2. The big kitchen in middle of office worked incredibly well.  It was a thoroughfare and the noise from the buzz of chatter in the kitchen would move out into the workspaces in a good way – it was not hidden away. People would make tracks through the kitchen en route to their desk every day.

3. Although our former office was open plan, there was a mezzanine that broke up the view and created little pockets where small communities would form. It wasn’t just a sea of open space.


KG: What would you say didn’t work so well in the last office?

JD: 1. Privacy: In the old building, there was really nowhere you can be on your own. I guess when that is the case you feel as if you’re always ‘on show’ and it’s difficult to really be yourself.  We now have lots of opportunities for people to find privacy – more than just a ‘quiet room’.

2. Meetings: Our former workspace was great for impromptu, informal encounters, but more structured, formal meetings weren’t really well-catered for.  Here we’ve made sure that our meeting room bookings system works really well we’ve focussed more on the way things work – the things you can’t see but make all the difference.

3. Environment: The last building was a light industrial unit – it had no insulation.  We’ve moved into a building that has a good environmental rating – a much lower impact. That makes us very happy!  Also, about a third of the people in the old office found it difficult to work because it was too noisy, so the individual working floors in the new space seek to address that.  However, now it’s sometimes a little quiet!  We’re working on getting the balance right between getting ‘head-down’ work done and connecting with others.


KG: I see you’ve kept the Astroturf ‘carpet’, which has become almost like a trademark of your workspace – and copied by many.  Was it inevitable that you’d have Astroturf in the new building or did you consider other options?  How did you make sure that it wasn’t just a token head-nod to the old office and that it really ‘fits’ here?

JD: The Astroturf is really interesting – it has really helped our office reflect values – if you know Innocent then when you come into our offices you see things you’d expect to see:  Oak, glass, grass, etc.  The notion that there is grass on floor fits with stuff growing, it’s all ‘natural’.  But importantly, it’s also incredibly practical.  We don’t have expensive tastes here – lots of things are nice and simple. And everything else in the environment follows that way of thinking: nicely done, simple and not flashy.  Nothing contradicts the grass on the ground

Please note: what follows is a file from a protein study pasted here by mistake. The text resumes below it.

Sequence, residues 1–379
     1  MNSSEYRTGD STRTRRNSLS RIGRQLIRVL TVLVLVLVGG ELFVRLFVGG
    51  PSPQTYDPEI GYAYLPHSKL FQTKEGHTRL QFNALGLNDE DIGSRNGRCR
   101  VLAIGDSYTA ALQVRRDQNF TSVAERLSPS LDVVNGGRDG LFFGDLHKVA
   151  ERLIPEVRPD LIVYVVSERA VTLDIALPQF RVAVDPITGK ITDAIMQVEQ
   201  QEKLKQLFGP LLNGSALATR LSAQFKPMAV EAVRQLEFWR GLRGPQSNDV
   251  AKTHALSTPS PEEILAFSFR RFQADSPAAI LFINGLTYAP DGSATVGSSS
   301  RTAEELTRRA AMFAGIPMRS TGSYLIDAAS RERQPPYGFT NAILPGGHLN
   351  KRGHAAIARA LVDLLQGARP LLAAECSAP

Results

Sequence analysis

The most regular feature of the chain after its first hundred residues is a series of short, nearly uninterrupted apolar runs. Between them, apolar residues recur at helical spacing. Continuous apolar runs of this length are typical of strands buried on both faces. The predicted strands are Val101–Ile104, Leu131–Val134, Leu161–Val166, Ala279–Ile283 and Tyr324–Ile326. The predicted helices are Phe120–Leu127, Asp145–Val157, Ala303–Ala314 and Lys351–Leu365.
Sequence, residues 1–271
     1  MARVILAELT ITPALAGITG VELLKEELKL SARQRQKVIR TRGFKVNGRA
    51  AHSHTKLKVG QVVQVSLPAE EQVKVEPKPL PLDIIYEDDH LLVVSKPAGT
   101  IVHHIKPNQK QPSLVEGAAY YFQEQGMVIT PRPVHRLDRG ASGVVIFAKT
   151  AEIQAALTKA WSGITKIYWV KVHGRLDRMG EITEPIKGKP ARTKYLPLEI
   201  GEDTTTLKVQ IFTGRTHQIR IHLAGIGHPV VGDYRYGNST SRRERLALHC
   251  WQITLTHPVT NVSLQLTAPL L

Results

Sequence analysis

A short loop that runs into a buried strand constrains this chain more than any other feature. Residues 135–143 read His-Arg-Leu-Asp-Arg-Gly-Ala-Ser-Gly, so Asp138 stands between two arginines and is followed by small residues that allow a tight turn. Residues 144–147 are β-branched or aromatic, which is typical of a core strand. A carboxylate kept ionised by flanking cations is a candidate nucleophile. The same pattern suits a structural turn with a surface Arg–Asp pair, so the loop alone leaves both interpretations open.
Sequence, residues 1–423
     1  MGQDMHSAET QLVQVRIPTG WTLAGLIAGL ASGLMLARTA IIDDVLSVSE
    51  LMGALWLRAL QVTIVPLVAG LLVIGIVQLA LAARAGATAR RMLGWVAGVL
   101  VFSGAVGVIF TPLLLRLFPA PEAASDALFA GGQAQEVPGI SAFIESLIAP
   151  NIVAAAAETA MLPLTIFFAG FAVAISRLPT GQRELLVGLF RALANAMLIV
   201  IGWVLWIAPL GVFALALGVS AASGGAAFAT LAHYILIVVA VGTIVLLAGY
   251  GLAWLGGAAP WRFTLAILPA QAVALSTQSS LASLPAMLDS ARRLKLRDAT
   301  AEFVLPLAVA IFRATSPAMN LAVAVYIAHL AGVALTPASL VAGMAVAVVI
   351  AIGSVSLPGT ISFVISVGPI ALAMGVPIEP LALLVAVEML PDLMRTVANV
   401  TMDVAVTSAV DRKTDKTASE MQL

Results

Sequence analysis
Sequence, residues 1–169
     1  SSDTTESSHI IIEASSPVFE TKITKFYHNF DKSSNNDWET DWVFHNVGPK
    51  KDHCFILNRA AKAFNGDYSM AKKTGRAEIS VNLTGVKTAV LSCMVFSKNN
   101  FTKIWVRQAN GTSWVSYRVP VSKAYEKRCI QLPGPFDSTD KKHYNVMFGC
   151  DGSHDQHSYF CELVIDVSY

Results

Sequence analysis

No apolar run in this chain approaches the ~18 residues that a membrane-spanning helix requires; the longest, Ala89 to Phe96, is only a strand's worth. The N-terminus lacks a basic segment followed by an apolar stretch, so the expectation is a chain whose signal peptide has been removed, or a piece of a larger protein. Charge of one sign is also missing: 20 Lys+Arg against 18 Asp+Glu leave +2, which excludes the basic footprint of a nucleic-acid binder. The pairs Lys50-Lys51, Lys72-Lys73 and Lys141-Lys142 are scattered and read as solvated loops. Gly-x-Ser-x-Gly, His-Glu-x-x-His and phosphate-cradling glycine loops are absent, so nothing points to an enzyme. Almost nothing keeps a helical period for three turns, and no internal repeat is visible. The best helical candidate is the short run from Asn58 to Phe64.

In fact, the reality was that we weren’t wedded to the Astroturf – we did look at lots of other options for the flooring, but then we looked at the merits of Astroturf: it’s (very) cheap, doesn’t need replacing for 10 years, which is better for environment, and it acoustic properties are great – it absorbs a lots of sound, especially compared with wood or concrete floors.  One of the things we were conscious about was ensuring that the grass runs throughout the workspaces – not just for the place where you ‘have fun’.


KG: What were some of the biggest challenges you faced with the move?

JD: We sweated a lot about choosing the site.  It’s just 2.8 miles away from our old office. We did a postcode analysis to find out who would be affected most or least and found with this site that the move was not dramatically different for most people.

We were very aware from the start that, even though the move team was really excited about the new building that any change can be difficult for some, and needs to be communicated well.    Very few people like change when they’re not in control; it can create a lot of angst if not managed well. So right at the start of engagement around the move we created an email address: “ournewhome” where people could send ideas and we asked each team to elect team champion to provide 2-way communication.  We also created special storage space for people, as the new building brought with it more ‘clear desks and a new way of managing personal and professional filing.


KG: …And the biggest successes?

JD: I can honestly say that we don’t have the “Sunday night feeling”! This is a place that people really enjoy getting up on a Monday morning and coming to.

We’re starting to see some of that spontaneity that was so great at our last workspace come into this building.  Tonight, we’re having a BBQ on the terrace because it’s been a sunny week, for example.

I love that those things are possible and easy. For me, one of the things I’m most proud of is that we have created an environment that people flourish in and respond to.  I love seeing people dotted round having meetings, moving around, lots of interactions BECAUSE of the way we’ve designed it.


KG: Finally, what are your plans and hopes for the future?

JD: I hope that as we grow as a business, the building grows and changes with us – that it becomes the place that supports the growth and new ideas for our business – rather than limiting us.

When I look back at the last building – the second generation of Innocent – so much good stuff happened there.  It was the place where it all happened – from Fruitstock to This Water to Veg Pots.

I’m excited that this building is going to be the canvas for the next chapter of Innocent.


Here’s part 1 for more on the thinking behind Innocent’s unique workspaces .